The book titledHistory of Middle East
Accounting” was published by the Turkish
Court of Accounts. It is an important
reference book, which is expected to take its
place among the key resources of accounting
history. It was prepared by the academicians
from Iran, Saudi Arabia, Egypt, Italy and
Turkey under the coordination of Prof. Dr.
Oktay Güvemli*.It consists of three volumes.
The Middle East has a special place in the
history of world accounting. However, it
hasn't been suciently examined and
evaluated until now. This book is the first
collective study presented by Turkish
a c c o u n t i n g historians. T h e future
generations will be able to publish works on
the history of accounting equipped with
much broader findings. However, this work
sheds lights on the fact that the history of
Middle East accounting holds a very special
position in the world. The detail summary of
the book that consists of seven chapters is
given below.
A research on the history of Middle East
accounting was implemented by around
twenty academicians for three years. An
encyclopedia styled study was completed in
2018 covering a period of nearly five thousand
years. The study begins with the earliest
records of bookkeeping from Egypt and
continues with the commercial relations
between Anatolia and Mesopotamia. After
Christ, the study deals with Byzantium,
Anatolian and Islamic recording cultures in
details. The last section of this encyclopedia
style work deals with the integration
processes of Middle Eastern and Western
accounting cultures. This brief paper aims to
explain the importance of this study for the
global accounting history literature and for
the Middle Eastern region.
Key words: Middle East, accounting culture.
1. Introduction
Accounting history is one of the latest
scientific disciplines of the 20th century.
There were few accounting historians in
Europe who individually studied and
published books on history of accounting.
However, its spread to other geographic
regions occurred mainly in the second half of
the 20th century. The establishment of the
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* Emeritus Prof. Marmara University.
organization titled Academy of Accounting
Historians (1972) had significant influence for
this proliferation. Thus, the establishment of
World Congresses of Accounting Historians
(1976) expedited the widespread of this new
scientific area.
Starting from the second period of the 20th
century, we observe brief information
regarding accounting and financial history in
therst sections of Turkish accounting
books. Although these informations are not
scientific, the love for history laid foundations
for future accounting history studies. In 2015,
around twenty academicians started working
on a project aiming to reveal the accounting
culture of the Middle East by benefiting from
earlier studies. An encyclopedia style three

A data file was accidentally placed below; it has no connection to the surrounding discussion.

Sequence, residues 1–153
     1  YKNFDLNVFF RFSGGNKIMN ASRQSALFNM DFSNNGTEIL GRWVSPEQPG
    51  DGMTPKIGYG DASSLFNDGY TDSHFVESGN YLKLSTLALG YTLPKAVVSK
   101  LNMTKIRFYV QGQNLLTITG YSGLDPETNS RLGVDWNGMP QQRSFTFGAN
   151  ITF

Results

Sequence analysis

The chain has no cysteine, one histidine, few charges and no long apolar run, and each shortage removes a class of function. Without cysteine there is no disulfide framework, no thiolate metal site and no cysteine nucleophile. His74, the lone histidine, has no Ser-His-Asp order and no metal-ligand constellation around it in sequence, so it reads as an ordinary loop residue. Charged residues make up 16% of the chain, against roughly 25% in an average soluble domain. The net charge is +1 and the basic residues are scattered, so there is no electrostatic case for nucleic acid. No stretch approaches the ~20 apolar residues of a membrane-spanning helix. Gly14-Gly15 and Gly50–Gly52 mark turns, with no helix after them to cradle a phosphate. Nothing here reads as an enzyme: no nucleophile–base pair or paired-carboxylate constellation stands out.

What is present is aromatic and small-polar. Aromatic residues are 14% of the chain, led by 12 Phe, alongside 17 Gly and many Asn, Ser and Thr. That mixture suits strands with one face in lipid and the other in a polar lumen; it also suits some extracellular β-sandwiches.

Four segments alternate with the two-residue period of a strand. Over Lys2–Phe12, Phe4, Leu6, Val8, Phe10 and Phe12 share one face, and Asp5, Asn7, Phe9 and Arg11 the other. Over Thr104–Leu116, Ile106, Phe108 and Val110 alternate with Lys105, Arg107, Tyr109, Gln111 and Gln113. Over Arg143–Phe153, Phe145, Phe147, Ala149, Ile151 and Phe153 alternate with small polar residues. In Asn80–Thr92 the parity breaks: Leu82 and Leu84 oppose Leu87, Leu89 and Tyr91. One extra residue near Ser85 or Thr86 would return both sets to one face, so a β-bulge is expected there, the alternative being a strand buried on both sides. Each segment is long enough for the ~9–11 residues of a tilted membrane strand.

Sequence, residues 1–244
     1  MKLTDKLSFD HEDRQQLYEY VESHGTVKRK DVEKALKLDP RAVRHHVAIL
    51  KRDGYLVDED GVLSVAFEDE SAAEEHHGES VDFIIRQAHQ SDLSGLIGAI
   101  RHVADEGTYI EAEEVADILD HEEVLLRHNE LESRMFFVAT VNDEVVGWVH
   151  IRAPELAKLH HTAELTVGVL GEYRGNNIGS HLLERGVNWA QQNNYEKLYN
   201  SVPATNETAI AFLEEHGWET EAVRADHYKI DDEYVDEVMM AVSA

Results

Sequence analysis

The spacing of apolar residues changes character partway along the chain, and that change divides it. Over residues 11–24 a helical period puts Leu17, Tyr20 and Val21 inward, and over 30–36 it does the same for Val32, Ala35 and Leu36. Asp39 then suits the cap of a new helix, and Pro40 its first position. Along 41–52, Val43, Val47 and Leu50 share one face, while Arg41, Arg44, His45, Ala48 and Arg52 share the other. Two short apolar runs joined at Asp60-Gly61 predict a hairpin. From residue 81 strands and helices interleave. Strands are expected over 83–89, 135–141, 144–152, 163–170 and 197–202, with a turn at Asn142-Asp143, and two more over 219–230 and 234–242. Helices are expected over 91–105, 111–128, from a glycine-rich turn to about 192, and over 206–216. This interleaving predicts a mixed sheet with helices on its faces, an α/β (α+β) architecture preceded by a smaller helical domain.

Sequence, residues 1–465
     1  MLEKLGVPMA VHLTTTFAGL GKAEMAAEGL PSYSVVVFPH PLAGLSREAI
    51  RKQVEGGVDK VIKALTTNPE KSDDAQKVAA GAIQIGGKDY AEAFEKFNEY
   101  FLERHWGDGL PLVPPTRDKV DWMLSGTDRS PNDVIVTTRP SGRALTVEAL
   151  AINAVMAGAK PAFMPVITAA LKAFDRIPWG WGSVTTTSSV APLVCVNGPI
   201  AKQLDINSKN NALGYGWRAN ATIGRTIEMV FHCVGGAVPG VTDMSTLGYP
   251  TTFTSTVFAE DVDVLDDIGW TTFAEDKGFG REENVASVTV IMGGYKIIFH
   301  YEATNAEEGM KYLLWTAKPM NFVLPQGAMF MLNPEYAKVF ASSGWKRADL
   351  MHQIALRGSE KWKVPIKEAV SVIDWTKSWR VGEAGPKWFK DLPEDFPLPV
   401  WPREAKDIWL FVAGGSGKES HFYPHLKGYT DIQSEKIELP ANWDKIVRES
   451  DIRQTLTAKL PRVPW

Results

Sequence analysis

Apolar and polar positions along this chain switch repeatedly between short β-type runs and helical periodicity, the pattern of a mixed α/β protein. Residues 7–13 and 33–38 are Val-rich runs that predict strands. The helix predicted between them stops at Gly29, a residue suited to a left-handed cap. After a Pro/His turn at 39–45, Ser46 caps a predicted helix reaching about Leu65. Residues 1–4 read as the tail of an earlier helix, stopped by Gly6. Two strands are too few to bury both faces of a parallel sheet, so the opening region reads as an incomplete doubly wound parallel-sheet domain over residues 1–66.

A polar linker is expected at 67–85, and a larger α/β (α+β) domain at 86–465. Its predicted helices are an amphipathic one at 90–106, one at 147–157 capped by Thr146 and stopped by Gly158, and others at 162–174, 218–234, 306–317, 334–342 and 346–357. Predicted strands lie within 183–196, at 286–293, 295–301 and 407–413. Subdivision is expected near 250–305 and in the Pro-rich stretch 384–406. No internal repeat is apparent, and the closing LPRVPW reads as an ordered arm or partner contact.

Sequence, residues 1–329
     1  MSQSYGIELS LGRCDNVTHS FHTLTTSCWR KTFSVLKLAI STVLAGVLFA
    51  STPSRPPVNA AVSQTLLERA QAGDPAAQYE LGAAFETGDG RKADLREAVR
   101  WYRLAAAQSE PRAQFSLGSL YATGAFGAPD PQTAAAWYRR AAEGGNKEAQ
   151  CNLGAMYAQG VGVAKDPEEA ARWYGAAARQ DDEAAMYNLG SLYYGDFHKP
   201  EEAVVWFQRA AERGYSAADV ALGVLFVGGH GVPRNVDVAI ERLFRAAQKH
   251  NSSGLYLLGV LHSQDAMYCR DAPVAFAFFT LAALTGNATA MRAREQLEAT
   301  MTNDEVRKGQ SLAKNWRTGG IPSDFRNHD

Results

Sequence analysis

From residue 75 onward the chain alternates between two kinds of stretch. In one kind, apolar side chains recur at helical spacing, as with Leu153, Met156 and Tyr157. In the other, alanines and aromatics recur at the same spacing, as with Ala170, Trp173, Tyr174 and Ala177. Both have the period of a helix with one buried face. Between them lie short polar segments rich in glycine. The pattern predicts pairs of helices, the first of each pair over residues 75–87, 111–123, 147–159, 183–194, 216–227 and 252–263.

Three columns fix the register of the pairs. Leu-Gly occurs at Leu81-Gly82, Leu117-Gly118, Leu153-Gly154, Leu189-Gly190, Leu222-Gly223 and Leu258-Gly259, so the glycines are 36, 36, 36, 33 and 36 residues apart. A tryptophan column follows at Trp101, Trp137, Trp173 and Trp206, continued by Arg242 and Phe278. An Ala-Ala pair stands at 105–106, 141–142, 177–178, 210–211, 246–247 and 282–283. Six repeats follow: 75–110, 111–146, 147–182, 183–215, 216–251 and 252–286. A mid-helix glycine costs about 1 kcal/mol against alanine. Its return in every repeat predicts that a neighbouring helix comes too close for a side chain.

volume book was produced and published in
2018. This short paper aims to promote this
study by briefly analyzing its seven main
sections between the period 3000 BC and
2000 AD. The following part of this analysis
deals with the period before Christ.
2. Findings in Middle East Region
Before Christ
2.1. Ancient Egypt
The first section of the book is prepared by
Prof. Shawki Farag who is considered as an
expert in the accounting culture of ancient
Egypt. He describes the details of a
remarkable recording culture which
appeared along the river Nile. This recording
culture ourished when self-sucient
agricultural communities began to yield an
economic surplus. There emerged a
population of priests, soldiers, merchants,
craftsmen, and scribes supported by the
gathered surplus. Eventually, it became
necessary to ensure the continued collection
of resources which represented the surplus
(Farag, 2019: 35). He asserts that accounting
records became necessary for the realization
of objectives thus enabling the scribe to be
accountable to his superiors. Prof. Farag
provides archive documents related to grain
records and craftsmanship.
2.2. International Trade Records Between
Anatolia and Mesopotamia
Dr. Halil Emre Akbaş and his colleagues
intended to exhibit the pioneering and
profundity of Anatolia and Mesopotamia in
world recording culture. Their study is based
on the numerous clay tablets which were
being excavated since 1948 in an area called
ltepe, approximately 20 km of Kayseri
province. Clay tablets contain documents
regarding settlement of accounts, sales of
goods, real estate, slaves, and bill payables.
These were archived mainly by Assyrian
traders and reveal the existence of a
systematic, organized trade between
Anatolia and Mesopotamia during 2000 - 1700
The clay tablets present information about
commercial institutions titled Warbatum and
Karum. It is observed that traders registered
their expenses and costs in details (Akbaş et
al. 2019:195). Another remarkable issue is the
cancellation of the bill regarding the debt
which was a subject of payment or collection
by registering the payments and group of the
debt made by the traders. Also, the traders
used to perform a kind of inventory work by
creating a collective list of the receivables
from time to time and registered this work.
Commercial relations between Mesopotamia
and Anatolia between 2000-1700 BC are
among the most important documents and
account settlement cultures of not only the
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Middle East but the world.
2.3. Metal Money Findings in Western
Prof. Suleyman Yükçü and his colleague Dr.
Gülşah Atağan exhibited a different culture of
Anatolia and described the initial weighted
systems that were used to mint metal money
in the world. After analyzing therst
weighted systems, they dwell upon the
appearance of the first money in Anatolia. We
understand from their section that
appearance of money can only be a product
of a rich civilization and geography.
The last sections of their study about the
Royal Road which starts from Ephesus,
passes through Sardis and extends to Ninova.
It is understood that this Road was used by
the Persians as well and enabled the transfer
of coinage culture to India and China after the
eradication of Lydians (Yükçü and Atağan,
2019:265). These can be considered as the
legacy of Anatolia to global accounting